Although it's been criticized in recent months for making money from videos containing illegal or objectionable content, a Google company official said the search engine giant generates little income off such footage on its video-sharing website YouTube.
In June, a report released by Washington, D.C.-based nonprofit Digital Citizens Alliance cast a harsh light on Google's practice of “monetizing” videos that openly promote illegal pharmacies, counterfeit merchandise, forged documents and even prostitution, claiming the company should be able to prevent such videos from making it online using its sophisticated technology.
Last month, Oklahoma Attorney General Scott Pruitt wrote a letter to Google officials demanding information about how many videos “were removed between January 2011 and the end of June ... for violating YouTube policies that prohibit the posting of illegal and objectionable content.”
Pruitt, who co-authored the letter with Nebraska Attorney General Jon Bruning, also demanded to know how much money was made selling ads to run before the videos played for users.
In their letter, the attorneys general expressed particular concerns about Google's practice of advertising with videos produced by “foreign pharmacies that promote the sale of prescription drugs such as OxyContin, Percocet and others without a prescription.”
Videos promoting the sale of counterfeit goods and those that provide step-by-step instructions for making fake ID cards and passports are also of concern to Pruitt and Bruning, according to the letter.
Pruitt and Bruning indicated they want to work with Google to end the practice of “monetizing” videos deemed illegal or objectionable and that they are “prepared to take appropriate action to safeguard our citizens” if the company doesn't end the practice itself.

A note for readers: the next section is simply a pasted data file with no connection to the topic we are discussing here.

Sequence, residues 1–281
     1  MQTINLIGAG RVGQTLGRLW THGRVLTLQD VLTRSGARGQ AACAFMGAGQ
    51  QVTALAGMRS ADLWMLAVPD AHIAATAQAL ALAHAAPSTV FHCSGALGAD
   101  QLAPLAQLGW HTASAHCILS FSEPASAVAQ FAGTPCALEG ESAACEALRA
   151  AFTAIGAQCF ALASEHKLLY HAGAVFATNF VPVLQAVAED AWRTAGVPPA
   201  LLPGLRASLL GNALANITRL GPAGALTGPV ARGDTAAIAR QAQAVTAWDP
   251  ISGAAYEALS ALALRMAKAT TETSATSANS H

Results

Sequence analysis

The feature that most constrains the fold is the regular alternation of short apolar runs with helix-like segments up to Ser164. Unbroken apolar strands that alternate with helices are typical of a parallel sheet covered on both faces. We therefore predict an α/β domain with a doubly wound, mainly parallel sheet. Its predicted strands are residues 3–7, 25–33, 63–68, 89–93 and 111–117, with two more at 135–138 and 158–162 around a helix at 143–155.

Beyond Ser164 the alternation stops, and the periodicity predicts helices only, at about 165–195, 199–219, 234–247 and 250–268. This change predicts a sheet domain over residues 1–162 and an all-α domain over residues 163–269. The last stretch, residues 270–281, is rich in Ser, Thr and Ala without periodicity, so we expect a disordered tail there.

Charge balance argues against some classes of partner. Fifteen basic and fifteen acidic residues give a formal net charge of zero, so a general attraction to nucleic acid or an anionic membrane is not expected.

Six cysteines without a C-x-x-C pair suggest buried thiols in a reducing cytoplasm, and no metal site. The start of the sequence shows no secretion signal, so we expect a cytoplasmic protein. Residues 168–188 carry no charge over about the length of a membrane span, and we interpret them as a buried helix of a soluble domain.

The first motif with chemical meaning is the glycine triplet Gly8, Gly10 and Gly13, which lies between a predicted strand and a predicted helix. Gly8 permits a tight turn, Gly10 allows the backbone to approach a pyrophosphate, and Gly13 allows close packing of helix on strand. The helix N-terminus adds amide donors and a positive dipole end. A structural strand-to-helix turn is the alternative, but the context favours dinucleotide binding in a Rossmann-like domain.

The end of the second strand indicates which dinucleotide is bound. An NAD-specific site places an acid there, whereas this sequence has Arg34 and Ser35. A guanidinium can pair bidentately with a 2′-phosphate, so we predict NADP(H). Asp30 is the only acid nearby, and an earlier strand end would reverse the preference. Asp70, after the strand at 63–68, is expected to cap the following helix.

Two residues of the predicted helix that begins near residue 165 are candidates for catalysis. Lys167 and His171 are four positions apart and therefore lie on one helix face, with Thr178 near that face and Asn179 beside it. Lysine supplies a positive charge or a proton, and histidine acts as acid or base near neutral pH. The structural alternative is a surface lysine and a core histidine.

“We understand that YouTube is an open platform and that not all content can or should be policed,” Pruitt and Bruning wrote in the letter. “Nevertheless, the fact that Google actively seeks to profit from the posting of these types of videos on YouTube — a website known to be particularly popular among children and teens — is very troubling.”
Google responded to Pruitt and Bruning on July 30, saying that it derives “minimal” income from the questionable videos and that the company removes millions of videos each year on its own.
Adam Barea, director of Google's legal department, wrote in the company's response that YouTube has removed more than 10 million videos since the start of 2011 after the videos were flagged by users.
Barea wrote that between 40,000 and 50,000 videos are removed each week due to copyright issues and that law enforcement agencies have requested and been granted roughly 18,000 removals “between 2011 and 2012.”
He said YouTube relies on its billion or so users to flag illegal and inappropriate videos. The company also uses “screening mechanisms and machine learning models to locate videos that potentially violate YouTube's policies.”